The Art of Theatre: Then and Now (3rd Edition)
William Missouri Downs, Lou Anne Wright, Erik Ramsey
Format: PDF / Kindle (mobi) / ePub
THE ART OF THEATRE: THEN AND NOW, Third Edition, explores issues of cultural diversity and creativity, presents a full day-in-the-life of theatre, and offers comprehensive coverage of theatre history. The authors make timely and relevant connections between theatre and the familiar world of television and film to help students understand how the living art of theatre relates to and influences today's screen entertainment. For flexibility in instruction, THE ART OF THEATRE is available in two versions. This full version contains 17 chapters, six of which cover theatre history in both Western and non-Western contexts, and concludes with a chapter on "The Musical". THE ART OF THEATRE: A CONCISE INTRODUCTION features 12 chapters and a briefer treatment of theatre's history, and also features a chapter on "The Musical".
training her to be a better singer, the film studio simply dubbed in another voice. A stage actress named Marni Nixon was the real singer in that movie—she also dubbed songs for Audrey Hepburn in the movie version of My Fair Lady, for Deborah Kerr in The King and I, and even sang the phrase “These rocks don’t lose their shape” for Marilyn Monroe in Gentlemen Prefer Blondes. “Hollywood wanted recognizable stars,” Nixon said. “And the fact that a lot of the stars couldn’t sing was only a minor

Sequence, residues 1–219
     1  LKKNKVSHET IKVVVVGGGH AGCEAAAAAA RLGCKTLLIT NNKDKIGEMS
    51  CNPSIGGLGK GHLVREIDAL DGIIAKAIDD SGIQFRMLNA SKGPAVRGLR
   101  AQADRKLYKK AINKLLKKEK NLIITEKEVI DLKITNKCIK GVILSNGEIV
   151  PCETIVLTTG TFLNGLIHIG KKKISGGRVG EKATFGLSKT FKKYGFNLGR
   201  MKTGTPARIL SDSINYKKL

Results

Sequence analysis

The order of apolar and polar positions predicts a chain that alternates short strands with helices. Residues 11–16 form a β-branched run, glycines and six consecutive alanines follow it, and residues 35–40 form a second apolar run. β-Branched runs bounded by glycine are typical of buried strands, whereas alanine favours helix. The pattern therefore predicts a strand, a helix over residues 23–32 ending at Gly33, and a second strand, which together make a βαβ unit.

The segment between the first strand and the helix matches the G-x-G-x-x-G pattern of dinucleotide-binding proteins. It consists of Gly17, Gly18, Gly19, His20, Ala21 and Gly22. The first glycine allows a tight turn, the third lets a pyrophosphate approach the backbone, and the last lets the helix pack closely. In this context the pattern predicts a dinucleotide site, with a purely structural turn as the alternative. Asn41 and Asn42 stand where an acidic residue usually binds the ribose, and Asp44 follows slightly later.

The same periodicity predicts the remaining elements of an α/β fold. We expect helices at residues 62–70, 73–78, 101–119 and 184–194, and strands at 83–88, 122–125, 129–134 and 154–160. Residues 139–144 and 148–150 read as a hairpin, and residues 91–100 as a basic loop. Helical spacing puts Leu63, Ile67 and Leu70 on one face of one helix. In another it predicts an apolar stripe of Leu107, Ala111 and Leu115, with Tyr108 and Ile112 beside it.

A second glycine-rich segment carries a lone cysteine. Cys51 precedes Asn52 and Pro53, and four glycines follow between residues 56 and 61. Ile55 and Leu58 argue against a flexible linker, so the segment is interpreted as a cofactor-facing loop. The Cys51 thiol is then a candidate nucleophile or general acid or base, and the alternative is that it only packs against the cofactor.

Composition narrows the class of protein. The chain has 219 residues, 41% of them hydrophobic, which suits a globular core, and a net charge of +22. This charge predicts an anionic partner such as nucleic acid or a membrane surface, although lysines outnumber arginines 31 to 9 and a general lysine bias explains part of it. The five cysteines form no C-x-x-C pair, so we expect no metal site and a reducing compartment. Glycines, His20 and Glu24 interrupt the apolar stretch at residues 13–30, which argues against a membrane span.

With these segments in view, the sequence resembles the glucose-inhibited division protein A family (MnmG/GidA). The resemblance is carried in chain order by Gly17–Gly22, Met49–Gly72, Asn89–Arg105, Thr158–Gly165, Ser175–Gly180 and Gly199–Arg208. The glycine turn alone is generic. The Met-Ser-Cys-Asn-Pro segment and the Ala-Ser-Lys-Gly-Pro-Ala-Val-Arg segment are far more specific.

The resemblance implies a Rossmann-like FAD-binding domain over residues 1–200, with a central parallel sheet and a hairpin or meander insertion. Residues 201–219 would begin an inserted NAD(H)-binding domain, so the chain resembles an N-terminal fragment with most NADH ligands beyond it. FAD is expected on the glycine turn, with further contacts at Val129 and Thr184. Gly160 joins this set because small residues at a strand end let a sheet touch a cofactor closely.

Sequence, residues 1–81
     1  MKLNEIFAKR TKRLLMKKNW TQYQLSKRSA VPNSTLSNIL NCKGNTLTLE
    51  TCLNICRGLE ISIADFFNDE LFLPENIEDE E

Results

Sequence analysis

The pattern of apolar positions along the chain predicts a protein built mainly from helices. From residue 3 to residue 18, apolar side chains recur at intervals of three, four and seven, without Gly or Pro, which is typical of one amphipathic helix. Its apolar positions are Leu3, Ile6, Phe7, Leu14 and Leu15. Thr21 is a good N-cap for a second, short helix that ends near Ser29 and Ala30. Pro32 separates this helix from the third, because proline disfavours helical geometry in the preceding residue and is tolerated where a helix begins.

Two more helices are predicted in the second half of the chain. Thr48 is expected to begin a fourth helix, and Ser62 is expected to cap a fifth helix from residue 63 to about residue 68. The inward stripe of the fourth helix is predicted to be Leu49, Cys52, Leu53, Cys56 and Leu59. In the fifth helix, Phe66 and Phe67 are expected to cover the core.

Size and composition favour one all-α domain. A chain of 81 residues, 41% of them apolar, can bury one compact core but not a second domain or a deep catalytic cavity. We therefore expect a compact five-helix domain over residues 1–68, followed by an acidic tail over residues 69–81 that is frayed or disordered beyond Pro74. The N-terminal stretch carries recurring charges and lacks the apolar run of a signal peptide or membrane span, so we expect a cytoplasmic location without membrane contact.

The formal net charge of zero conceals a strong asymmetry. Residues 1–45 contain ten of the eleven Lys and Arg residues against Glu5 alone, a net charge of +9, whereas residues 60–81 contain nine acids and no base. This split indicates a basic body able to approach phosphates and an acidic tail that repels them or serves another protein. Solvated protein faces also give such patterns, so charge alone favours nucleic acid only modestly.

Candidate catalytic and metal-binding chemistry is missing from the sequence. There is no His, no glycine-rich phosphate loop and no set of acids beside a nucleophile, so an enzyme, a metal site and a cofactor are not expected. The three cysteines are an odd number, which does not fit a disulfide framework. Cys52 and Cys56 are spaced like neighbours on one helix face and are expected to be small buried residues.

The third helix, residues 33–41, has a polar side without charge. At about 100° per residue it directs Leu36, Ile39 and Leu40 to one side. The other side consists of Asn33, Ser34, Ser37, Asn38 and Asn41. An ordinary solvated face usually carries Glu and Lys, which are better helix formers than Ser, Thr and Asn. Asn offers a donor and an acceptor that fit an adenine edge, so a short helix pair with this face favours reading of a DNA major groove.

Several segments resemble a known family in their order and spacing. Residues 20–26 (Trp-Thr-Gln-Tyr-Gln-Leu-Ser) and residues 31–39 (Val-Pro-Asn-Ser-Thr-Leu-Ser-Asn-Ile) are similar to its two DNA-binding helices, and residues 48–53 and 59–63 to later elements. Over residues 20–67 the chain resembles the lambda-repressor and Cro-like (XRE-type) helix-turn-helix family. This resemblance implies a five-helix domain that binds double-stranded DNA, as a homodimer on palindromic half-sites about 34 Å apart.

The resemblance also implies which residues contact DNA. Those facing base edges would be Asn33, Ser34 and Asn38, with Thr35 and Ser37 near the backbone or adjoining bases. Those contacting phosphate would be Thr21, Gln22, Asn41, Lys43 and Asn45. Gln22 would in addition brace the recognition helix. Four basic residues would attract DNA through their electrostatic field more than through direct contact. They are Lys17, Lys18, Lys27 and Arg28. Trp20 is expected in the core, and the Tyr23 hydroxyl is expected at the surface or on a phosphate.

Theatre performed by African Americans has been around for hundreds of years, but legitimate plays written by blacks, about blacks, and for blacks were rare until the twentieth century. Before that, black characters were mainly stereotypes written by whites and even performed by whites. (See the Spotlight “Blackface, Redface, Yellowface.”) Willis Richardson (1889–1977) was the first black playwright to have a play on Broadway that was not a musical; his play The Chip Woman’s Fortune appeared in
as a group, increasing the chances that they will be influenced by group dynamics. Theatres reason that if the people around you are enjoying the play, there is a good chance you will too. Some theatres even go so far as to paper the house. In theatre lingo, house is the auditorium, and in this case paper means tickets. So to “paper the house” means to give away a lot of free tickets to the families and friends of cast members in order to make it appear as though the performance is well attended.
will often choose which plays to produce, who will direct them, and who will design them. A director is in charge of a single play, whereas the artistic director is in charge of an entire season of plays. He or she needs to find a repertory that includes tried and true audience favorites, but he or she also needs to introduce the audience to plays they don’t know. The artistic director also manages the ensemble by making sure that all its members work together and have the same artistic goal. On
University. And thank you very much to the Cengage publishing team: Michael Rosenberg, publisher; Megan Garvey, development editor; Erin Bosco, assistant editor; Rebecca Donahue, editorial assistant; Jessica Badiner, media editor; Gurpreet Saran, marketing project manager; Aimee Bear, production project manager; Linda Helcher, art director. Copyright 2011 Cengage Learning. All Rights Reserved. May not be copied, scanned, or duplicated, in whole or in part. Due to electronic rights, some third